The Switch

Stefanie von Platen-Wilhelms lives in Lyon, France, and is a German expatriate. She was brought up quite strict, and is in favor of corporal punishment, especially the good old British ways. Her blog, quite simply titled Stefanie von Platen-Wilhelms is updated periodically. It contains some excellent stories and posts on corporal punishment and implements. The following treatise on the “switch” was taken from Stefanie von Platen-Wilhelms, and is also being posted on All Things Spanking’s Techniques & Commentary page.

Corporal punishment implements: The Switch


We have already discussed the cane, certainly a very common implement in the UK, europe and probably most of those parts of the world that were once or are still today part of the british commonwealth. What I am going to write about today is the switch. In many ways similiar to the cane, there are yet a few grave differences.

First, it must be said that there is no such thing as “the switch”. Switches come in a wide variety of sizes and material. What they have in common is that they are made out of (or simply are) a branch from a tree.

Willow, Hazel and birch branches seem to have been common in Europe, while I have heard of hickory being used in north america. As for the length and diameter, I’ve seen everything from small and thin switches to long and somewhat thicker branches which can genuinely be called sticks (As was done in my family, the hazel I received was called the Hazel Stick). However, in general switches are not as thick as a standard cane.

Switches are also even more flexible than a typical rattan cane, and the wood is more dense. This has several effects on its use: for example, a switch often is lacking the capacity to penetrate thicker layers of clothing (although one of those heavier switches could). As a switch of the same diameter would be heavier than a cane (rattan is less dense), it would bruise more. However, as most switches are thinner than canes, they are normally of comparable or lesser severity.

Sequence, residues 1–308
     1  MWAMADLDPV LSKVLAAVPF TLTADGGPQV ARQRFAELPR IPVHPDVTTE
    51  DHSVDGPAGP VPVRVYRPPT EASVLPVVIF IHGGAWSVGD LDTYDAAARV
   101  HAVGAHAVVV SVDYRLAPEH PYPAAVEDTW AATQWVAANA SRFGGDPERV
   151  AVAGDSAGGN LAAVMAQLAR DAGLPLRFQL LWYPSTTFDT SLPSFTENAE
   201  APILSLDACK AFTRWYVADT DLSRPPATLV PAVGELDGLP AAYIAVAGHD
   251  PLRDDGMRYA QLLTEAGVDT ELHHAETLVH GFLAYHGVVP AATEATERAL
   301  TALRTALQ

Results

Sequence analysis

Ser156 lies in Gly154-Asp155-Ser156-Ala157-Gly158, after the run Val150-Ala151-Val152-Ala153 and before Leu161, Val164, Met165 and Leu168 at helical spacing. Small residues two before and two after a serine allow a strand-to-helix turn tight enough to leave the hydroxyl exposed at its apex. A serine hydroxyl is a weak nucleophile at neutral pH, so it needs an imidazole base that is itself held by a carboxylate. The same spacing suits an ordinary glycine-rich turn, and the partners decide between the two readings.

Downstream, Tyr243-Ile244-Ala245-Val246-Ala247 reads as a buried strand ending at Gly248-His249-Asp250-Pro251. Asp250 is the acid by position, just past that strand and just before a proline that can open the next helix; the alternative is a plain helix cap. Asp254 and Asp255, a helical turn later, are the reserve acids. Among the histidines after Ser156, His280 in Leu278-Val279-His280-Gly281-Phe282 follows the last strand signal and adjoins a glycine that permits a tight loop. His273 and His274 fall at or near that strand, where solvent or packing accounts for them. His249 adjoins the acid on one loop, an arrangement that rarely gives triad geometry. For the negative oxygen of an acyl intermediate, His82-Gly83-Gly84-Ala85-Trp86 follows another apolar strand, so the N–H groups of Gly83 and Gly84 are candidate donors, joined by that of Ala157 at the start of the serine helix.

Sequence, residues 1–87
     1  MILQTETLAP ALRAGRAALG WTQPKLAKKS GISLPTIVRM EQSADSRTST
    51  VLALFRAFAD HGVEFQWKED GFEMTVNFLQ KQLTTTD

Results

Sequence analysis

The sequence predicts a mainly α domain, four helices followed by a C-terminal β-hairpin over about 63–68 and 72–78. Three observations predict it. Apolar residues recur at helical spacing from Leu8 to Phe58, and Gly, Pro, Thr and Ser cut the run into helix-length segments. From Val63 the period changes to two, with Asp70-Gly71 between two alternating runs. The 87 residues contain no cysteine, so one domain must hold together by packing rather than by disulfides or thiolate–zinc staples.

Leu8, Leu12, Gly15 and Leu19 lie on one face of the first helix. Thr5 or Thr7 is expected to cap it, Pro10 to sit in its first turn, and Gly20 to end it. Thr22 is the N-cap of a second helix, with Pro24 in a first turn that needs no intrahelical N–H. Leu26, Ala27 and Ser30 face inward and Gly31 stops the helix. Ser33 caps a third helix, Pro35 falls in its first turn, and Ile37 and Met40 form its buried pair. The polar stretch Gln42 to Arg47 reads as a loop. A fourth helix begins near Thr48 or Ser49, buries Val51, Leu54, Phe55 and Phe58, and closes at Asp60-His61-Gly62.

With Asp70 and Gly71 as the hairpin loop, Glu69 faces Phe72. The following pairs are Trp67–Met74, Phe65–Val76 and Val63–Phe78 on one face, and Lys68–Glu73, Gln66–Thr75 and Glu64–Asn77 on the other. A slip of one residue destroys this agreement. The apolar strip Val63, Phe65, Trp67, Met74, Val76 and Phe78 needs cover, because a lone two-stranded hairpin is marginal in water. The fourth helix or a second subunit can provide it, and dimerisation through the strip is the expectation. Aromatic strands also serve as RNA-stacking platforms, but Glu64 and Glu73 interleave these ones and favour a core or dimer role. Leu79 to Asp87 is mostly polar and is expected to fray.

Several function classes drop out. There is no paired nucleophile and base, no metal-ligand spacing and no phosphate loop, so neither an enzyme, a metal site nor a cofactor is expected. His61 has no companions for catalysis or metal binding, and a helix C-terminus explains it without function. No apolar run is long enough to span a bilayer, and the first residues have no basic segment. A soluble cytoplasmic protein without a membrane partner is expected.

Part of the rituals that are associated with the switch is that sometimes the person about to receive it has to cut his or her own switch. Although the hazel stick I received was always already waiting on my fathers desk, i can easily see how this is an effective additional punishment.

The switch, not unlike the birch, was a predecessor of the rattan cane in many european schools. It has also been in use in families, especially in rural areas where trees were of course in abundance. It was (and is) an effective means of discipline.

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2 Responses to The Switch

  1. peggy says:

    My favorite instrument is a Willow switch, we cut the ones that have grown in one season so they are smooth with no joints. We find that they are easier to control than a cane and I can endure more strokes, the feel is, well just nicer.

  2. charles says:

    At my middle school, some of the coaches used plastic bats. They did not leave deep bruises like paddles or heavy straps, but they could generate a good deal of sting, even through jeans. With only a jockstrap and thin gym shorts protecting the buttocks, those bats really,really hurt. Maybe they could substitute for willow or hickory switches if those are not available.
    In addition to hurting like crazy, a good swat would leave red mark that would last four or five days. Some teachers would tap gently, and that would sting but not leave a mark. Some would try to hit a home run with your butt.

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